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August 17, 2017 | MANILA, PHILIPPINES
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   yield tracker
Date posted: Monday, December 19, 2016 | Manila, Philippines

Yields rise on Fed, OPEC

YIELDS on government securities (GS) ended mixed last week following the much anticipated interest rate hike by the US Federal Reserve and oil producers’ deal to cut oil output.

Week on week, yields on government securities (GS) -- which move opposite to prices -- increased by an average of 6.82 basis points (bps), data from the Philippine Dealing & Exchange Corp. as of Dec. 16 showed.

A bond trader interviewed by phone said that this rise in yields was driven by the statement delivered by the Federal Open Market Committee (FOMC) -- the policy-making body of the US Federal Reserve -- last Wednesday.

During its two-day Federal Open Market Committee meeting, the Fed unanimously decided to increase the federal funds rate as expected to a range within 0.50-0.75%, the first tightening move since it raised rates in December 2015 after keeping rates at near-zero levels following the global financial crisis in 2008.

The US central bank is looking at three rate hikes in 2017, instead of two hinted in September this year.

Guian Angelo S. Dumalagan, market economist at Land Bank of the Philippines (Landbank), said aside from the Fed rate hike, the production cut agreement between the Organization of the Petroleum Exporting Countries (OPEC) and non-OPEC members also caused yields to rise.

“The output reduction among global oil producers initially pushed yields higher in the first two days of the week by boosting inflation expectations and reinforcing views of more rate hikes next year by the US Federal Reserve,” he said in an e-mail.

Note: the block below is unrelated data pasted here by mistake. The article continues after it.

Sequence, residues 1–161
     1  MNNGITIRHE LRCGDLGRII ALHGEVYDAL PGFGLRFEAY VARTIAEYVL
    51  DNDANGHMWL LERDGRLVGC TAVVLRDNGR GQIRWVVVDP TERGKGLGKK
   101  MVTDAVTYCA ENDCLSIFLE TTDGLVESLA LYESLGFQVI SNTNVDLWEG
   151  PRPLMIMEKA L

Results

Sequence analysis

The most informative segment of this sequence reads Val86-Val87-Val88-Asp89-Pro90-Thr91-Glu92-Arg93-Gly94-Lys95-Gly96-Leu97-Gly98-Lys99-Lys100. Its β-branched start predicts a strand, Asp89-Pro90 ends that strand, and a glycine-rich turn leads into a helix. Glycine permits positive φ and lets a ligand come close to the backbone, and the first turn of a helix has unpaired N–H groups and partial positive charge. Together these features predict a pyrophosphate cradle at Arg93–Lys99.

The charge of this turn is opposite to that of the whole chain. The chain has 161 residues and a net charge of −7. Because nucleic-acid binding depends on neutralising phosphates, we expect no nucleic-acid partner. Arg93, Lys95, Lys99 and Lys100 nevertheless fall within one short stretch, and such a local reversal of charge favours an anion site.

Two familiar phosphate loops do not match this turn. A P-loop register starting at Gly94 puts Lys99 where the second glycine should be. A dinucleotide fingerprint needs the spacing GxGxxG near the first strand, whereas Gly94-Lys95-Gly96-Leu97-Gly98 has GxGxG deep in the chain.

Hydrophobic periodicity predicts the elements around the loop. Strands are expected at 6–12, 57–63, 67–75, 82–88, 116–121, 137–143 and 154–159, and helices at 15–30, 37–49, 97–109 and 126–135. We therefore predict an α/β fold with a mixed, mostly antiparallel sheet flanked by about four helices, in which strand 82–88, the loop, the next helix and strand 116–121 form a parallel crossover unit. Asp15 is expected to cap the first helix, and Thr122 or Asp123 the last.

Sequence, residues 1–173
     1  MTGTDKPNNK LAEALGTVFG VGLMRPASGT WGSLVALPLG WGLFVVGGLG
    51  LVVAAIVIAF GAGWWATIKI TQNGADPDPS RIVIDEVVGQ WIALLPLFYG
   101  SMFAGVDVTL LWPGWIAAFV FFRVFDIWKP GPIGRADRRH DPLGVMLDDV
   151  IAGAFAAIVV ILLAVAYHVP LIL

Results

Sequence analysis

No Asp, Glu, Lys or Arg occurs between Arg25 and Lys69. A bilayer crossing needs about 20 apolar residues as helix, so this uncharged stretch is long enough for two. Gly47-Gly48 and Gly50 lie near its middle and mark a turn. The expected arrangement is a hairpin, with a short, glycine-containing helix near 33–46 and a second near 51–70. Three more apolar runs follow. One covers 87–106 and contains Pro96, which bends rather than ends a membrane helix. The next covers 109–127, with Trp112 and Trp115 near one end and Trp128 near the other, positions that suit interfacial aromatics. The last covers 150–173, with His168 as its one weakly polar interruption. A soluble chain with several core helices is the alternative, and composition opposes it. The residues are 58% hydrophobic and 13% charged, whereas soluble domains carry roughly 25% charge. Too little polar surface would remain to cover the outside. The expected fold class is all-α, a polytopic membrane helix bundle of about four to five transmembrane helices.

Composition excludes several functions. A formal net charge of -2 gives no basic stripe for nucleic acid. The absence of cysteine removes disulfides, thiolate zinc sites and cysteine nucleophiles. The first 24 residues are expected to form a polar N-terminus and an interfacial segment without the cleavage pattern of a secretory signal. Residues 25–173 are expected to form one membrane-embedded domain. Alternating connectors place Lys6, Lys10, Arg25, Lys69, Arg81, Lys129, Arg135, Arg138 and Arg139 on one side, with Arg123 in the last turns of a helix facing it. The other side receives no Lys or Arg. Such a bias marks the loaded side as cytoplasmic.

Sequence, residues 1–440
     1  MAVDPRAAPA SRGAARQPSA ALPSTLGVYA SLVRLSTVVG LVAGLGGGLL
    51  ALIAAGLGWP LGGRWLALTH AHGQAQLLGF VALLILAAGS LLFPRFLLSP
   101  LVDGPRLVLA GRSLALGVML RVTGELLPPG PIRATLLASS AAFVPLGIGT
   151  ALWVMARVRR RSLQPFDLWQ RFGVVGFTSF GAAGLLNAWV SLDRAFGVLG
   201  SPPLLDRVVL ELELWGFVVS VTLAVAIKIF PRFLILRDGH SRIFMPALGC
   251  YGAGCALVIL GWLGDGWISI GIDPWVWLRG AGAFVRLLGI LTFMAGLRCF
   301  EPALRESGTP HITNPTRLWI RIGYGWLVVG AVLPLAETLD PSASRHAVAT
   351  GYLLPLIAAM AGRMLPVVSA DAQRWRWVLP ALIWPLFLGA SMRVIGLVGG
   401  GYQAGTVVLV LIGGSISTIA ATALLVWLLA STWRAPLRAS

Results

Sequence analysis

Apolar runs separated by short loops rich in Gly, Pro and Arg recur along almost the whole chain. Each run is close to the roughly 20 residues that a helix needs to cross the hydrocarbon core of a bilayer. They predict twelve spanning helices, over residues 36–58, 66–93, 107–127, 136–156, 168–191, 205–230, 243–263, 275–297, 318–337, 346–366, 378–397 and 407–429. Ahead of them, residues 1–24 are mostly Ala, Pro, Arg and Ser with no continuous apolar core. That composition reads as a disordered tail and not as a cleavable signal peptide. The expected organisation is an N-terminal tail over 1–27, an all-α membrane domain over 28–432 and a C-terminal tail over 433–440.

According to a Reuters report, producers from outside the OPEC, led by Russia, agreed on Dec. 10 to reduce output by 558,000 barrels per day (bpd), short of the target of 600,000 bpd but still the largest non-OPEC contribution ever.

It followed OPEC’s Nov. 30 deal to cut output by 1.2 million bpd for six months from Jan. 1. Top exporter Saudi Arabia will cut around 486,000 bpd to reduce the supply glut that has dogged markets for two years.

Landbank’s Mr. Dumalagan added: “After a downward correction on Wednesday, yields surged again Thursday, after the US central bank signalled three rate hikes next year, beyond market expectations of just two rate adjustments. Yields were trimmed slightly on Friday due to bargain hunting.”



At the secondary market last Friday, GS yields ended mixed. Yield on 182-day Treasury bill (T-bill) increased the most, rising by 44.38 bps to 2.1431%, followed by the 10-year Treasury bond (T-bond), which rose by 41.24 bps to 5.0054%.

Similarly, yields on 20-, seven-, three-, and five-year T-bonds climbed by 28.39 bps, 10.18 bps, 3.28 bps, and 1.72 bps, respectively, closing with 5.5321%, 5.0286%, 3.6001%, and 4.8486%.

On the other hand, yield on 91-day T-bill declined by 30.12 bps to 1.5059%.

Yields on 364-day T-bill, four-, and two-year T-bonds dropped by 25.86 bps, 3.95 bps, and 1.07 bps, respectively, to 2.1654%, 3.9647%, and 3.9893%.

Asked for his outlook for this week’s trading, the bond trader said it will be “more likely sideways with slight upper bias” as “it’s still very low on volume.”

For Landbank’s Mr. Dumalagan, he said: “[This] week, GS yields might fall slightly, tracking the likely decline in US Treasury yields amid bets of mixed US reports on housing, durable goods orders, third-quarter GDP (gross domestic product) growth and personal consumption expenditure inflation.”

He said yields might move sideways due to lack of fresh leads domestically and abroad toward the yearend.

“Bargain hunting might cause yields to fall in some days, but declines might be temporary due to heightened expectations of more rate hikes next year by the US Federal Reserve,” the economist added.

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